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February 1957

Itch Sensation and Recovery of Sensation in Spinal Cord Injuries

Author Affiliations


From the Department of Neurology and Psychiatry, Northwestern University Medical School, Chicago, and the Neurology Service, Veterans Administration Hospital, Hines, Ill.

AMA Arch NeurPsych. 1957;77(2):156-158. doi:10.1001/archneurpsyc.1957.02330320054006

The correlation of itch and other sensations, such as touch and types of pain, has been a matter of controversy for years and has not been settled conclusively.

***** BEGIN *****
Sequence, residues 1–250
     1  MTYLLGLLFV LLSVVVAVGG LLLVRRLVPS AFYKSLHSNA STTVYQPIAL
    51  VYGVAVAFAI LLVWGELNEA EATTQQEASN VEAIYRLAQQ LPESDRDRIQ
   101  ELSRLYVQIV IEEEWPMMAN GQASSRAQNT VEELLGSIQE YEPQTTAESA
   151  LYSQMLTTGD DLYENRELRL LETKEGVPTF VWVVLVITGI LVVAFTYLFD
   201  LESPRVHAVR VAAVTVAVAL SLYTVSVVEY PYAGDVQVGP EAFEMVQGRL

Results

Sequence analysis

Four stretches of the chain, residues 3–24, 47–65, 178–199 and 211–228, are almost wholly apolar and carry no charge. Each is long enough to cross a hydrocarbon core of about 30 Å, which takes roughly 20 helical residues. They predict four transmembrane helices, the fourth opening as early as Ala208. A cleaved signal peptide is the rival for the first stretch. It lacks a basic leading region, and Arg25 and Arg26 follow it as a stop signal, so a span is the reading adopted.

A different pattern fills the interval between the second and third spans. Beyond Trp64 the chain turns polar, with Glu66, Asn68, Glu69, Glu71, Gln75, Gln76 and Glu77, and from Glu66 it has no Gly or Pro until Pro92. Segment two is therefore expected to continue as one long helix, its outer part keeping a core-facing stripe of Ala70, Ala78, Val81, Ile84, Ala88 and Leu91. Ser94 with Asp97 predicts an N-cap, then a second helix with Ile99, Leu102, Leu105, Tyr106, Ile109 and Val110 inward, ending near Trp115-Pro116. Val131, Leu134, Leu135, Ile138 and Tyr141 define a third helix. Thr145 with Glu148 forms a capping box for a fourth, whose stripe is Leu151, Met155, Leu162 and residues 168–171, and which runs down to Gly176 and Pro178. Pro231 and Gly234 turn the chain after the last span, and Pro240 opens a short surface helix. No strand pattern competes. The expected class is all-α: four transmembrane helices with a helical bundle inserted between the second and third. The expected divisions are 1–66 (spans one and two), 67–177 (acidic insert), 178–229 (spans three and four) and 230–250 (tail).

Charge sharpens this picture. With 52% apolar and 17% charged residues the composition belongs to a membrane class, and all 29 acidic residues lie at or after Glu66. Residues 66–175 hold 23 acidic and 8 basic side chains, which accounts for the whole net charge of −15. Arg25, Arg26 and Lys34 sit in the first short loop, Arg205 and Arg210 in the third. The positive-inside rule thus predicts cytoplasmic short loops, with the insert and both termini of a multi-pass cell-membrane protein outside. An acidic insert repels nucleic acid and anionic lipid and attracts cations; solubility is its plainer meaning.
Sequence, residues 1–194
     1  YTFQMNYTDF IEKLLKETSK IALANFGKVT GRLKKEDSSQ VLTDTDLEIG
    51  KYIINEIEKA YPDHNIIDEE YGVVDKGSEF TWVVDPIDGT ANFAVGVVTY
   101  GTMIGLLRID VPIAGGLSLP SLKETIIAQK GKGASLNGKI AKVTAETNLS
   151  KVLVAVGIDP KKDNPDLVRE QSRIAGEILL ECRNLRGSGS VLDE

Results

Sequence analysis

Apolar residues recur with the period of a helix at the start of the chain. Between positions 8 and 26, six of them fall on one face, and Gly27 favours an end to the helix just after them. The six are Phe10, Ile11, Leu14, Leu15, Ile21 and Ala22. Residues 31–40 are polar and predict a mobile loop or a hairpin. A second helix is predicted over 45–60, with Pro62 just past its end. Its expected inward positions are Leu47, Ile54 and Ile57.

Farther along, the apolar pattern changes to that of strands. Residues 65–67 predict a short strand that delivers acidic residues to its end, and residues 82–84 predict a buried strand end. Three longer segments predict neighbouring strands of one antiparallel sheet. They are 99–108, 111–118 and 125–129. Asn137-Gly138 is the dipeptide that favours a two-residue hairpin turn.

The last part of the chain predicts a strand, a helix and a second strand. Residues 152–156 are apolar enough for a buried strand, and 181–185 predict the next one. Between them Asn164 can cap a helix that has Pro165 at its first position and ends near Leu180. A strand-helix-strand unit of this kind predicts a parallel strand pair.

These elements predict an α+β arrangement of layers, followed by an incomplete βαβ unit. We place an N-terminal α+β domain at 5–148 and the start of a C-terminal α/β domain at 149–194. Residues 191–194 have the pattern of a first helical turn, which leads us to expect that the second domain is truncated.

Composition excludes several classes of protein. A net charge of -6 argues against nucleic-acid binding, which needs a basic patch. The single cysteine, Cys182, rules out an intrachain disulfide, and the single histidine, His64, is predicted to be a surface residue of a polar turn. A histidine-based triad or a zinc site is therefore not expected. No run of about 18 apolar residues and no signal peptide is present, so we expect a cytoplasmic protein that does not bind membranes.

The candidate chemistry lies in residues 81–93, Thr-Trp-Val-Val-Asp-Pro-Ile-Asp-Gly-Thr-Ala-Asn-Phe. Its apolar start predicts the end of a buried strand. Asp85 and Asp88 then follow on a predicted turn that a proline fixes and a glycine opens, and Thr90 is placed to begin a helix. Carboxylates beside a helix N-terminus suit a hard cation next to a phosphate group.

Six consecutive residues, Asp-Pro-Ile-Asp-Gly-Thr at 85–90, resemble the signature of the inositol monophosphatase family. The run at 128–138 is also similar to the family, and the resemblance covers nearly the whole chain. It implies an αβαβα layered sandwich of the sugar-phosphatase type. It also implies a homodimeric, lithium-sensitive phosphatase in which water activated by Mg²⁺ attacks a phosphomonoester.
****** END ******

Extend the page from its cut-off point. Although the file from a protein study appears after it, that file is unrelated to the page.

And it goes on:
The purpose of the present work was to correlate the perception of itch in areas of the skin where varied sensory recovery had occurred in spinal cord injuries. This opportunity presented itself on the wards of patients with spinal cord injuries at the Veterans Administration Hospital, Hines, Ill.

Bishop3 described itch as having the following characteristics: It is elicited from pain rather than from touch areas. It follows as the after-effect of prick, which is itself a mild form of pain. Its effective stimulus is one which persists at one spot rather than requiring movement-like tickle. Itch, like prick or pain, may follow summation of rapidly repeated stimuli, any one of which may be relatively ineffective. Itch does not show adaptation,